It’s easy to dismiss today’s National Enquirer story about the alleged secret, highly active extramarital sex life of Ted Cruz, because, hey, it’s just some crappy tabloid that makes up all of its stories, right? And it’s true: They’ve printed a lot of fantasy and nonsense. But on some stories—including some huge ones—the Enquirer has been very right.

It’s entirely possible the magazine’s claim that candidate Cruz has had five separate affairs while married to his wife Heidi is completely false. Maybe they were fabricated by an agenda-toting third party and fed to the Enquirer as true (although fragments of the story have been circulating online for awhile, now). There are innumerable people who will take great pleasure in just seeing this headline reverberate across Twitter, to Cruz’s immense embarrassment, and any number of them would be capable of spearheading a smear campaign.

But it’s also possible that the Enquirer’s story, or parts of it at least, are accurate, making Ted Cruz a “family values” fraud and hypocrite. The tabloid is operated in part by a team of real reporters that have launched bombshells before. Their news-gathering process, as documented by Gawker in 2012, is highly unorthodox, and wouldn’t pass muster at any newspaper (or even here!), but it does involve traditional reporting and fact-checking—even when it’s done only to cover their ass legally.

John Edwards

Perhaps the Enquirer’s greatest feat to date was breaking the 2008 story of charming presidential hopeful John Edwards’ secret child with a mistress, a triumph of snooping, gossiping, and reporting that immediately ended his existence as an American political entity. The story included actual photos of Edwards in a hotel room, holding the baby whose existence he wouldn’t acknowledge while his wife battled cancer. It was a story “respectable” media outlets would’ve crawled over each other to get a piece of, and it appeared in a supermarket checkout rag those same outlets still consider a punchline.

There’s still no good reason why the Enquirer wasn’t given a Pulitzer for this work.

O.J. Simpson

The National Enquirer is responsible for breaking two notable stories during and after the O.J. Simpson murder saga. In the 1990s, the mag obtained and published a photograph of Simpson wearing a pair of Bruno Magli shoes that matched bloody prints left at the scene of the killing—the same kind that’d earlier prompted Simpson say he “would have never worn those ugly-ass shoes.” When confronted with a photograph of himself wearing said ugly ass shoes, Simpson simply denied that they were his. A decade later, the Enquirer was the first outlet to reveal Simpson had penned a manuscript about carrying out the murders he was accused of committing, the infamous If I Did It.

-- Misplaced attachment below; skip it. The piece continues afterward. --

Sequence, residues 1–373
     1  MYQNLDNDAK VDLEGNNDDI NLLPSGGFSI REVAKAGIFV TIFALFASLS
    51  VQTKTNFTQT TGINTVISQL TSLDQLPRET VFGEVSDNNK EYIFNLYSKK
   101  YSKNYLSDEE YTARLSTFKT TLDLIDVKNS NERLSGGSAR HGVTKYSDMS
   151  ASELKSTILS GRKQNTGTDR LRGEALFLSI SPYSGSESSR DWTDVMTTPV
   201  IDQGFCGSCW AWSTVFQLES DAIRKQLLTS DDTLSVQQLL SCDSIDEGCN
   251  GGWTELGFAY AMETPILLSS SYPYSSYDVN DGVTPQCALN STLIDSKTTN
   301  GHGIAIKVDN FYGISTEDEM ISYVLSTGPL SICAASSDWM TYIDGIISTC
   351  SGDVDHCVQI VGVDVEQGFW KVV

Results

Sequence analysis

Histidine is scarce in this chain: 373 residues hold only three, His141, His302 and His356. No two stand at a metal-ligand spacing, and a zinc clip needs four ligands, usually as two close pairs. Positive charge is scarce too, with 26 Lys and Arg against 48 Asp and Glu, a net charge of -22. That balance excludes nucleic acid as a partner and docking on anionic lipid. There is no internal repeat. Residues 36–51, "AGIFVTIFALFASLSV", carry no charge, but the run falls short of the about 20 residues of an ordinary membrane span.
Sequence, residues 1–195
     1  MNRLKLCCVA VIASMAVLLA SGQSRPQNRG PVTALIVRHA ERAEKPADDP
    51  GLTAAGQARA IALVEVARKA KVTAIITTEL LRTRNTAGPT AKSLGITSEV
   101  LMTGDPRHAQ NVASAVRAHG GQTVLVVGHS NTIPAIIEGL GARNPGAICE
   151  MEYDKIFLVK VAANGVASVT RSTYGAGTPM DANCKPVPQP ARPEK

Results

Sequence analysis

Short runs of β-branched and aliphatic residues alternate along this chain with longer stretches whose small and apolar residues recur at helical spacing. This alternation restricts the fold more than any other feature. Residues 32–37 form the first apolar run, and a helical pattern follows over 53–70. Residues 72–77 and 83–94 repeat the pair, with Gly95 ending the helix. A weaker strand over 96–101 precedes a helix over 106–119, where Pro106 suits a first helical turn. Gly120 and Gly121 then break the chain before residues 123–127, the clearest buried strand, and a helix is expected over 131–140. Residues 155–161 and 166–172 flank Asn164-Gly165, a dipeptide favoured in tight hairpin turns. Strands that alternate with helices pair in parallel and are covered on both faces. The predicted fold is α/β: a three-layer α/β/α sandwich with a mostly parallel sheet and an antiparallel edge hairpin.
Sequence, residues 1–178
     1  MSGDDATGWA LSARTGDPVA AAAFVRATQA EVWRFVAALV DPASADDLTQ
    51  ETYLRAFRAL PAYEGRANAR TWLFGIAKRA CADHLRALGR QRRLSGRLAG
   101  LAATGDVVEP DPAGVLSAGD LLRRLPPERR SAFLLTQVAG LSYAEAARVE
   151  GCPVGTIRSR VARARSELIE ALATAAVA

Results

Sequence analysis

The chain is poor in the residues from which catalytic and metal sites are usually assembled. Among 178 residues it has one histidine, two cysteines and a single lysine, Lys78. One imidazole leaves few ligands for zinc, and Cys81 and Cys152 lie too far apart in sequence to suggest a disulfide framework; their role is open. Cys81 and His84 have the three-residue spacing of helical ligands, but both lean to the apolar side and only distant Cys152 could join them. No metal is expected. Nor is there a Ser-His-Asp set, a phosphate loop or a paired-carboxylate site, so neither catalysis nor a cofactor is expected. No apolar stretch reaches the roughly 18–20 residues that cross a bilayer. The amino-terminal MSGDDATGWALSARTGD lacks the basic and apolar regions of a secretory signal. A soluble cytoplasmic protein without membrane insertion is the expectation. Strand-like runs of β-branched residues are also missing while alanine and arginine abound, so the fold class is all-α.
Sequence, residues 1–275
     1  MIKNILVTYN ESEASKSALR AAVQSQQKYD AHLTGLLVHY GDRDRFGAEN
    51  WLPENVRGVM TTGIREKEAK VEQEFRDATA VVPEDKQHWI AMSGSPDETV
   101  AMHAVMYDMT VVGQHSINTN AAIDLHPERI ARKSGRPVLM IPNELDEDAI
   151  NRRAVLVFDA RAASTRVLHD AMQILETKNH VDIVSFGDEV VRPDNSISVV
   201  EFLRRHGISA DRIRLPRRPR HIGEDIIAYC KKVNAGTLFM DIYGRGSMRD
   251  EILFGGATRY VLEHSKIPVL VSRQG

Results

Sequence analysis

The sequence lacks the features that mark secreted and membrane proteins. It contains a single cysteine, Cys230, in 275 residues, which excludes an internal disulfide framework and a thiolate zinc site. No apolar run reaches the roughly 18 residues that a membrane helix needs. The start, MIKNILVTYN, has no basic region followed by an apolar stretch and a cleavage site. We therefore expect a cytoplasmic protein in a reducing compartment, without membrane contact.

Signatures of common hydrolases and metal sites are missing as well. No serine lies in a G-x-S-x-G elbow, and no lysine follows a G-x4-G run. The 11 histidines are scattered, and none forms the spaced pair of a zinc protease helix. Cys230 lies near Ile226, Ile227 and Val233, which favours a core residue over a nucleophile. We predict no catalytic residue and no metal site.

Steve Jobs

The founder and CEO of Apple went out of his way to conceal his dire health situation—and the fact that he was recklessly avoiding legitimate medical treatment—from the public and Apple shareholders. One of the only outlets to puncture the immense, otherwise-impregnable Apple spin and black ops PR machine was the National Enquirer, which reported in February 2011 that Jobs had “six weeks to live,” citing rapidly deteriorating health and photographs that depicted him looking extremely, disturbingly frail. They had the timeline wrong—Jobs died over six months later, in October of 2011—but they were absolutely right that Steve Jobs was dying when no one in the legitimate “business press” would dare touch the truth.

The Mistakes

None of this is to say that the National Enquirer doesn’t blow it, and blow it a lot, because it does. The paper infamously whiffed on a report that Barack Obama was “caught in a DC hotel with a former campaign aide,” a report they partially retracted soon after publishing. It’s also home to a regular rotation of baseless stories that are patently, stupidly wrong, and never amount to anything. For example, this one:

And that’s the frustrating thing about the Enquirer, which maintains a confounding ratio of fearless reporting and unflappable tip-chasing to pure bullshit. There was no way to predict that the Edwards scoop was in fact a scoop and not a tall tale until the magazine had Edwards nailed dead-to-rights with a photo, and so far there’s no way to verify anything in the stomach-turning vagueness the Enquirer has alleged about Ted Cruz’s penis, either.

But don’t count them out based solely on some snobbish journalism oath. The National Enquirer is always extremely wrong and full of shit until they’re extremely right.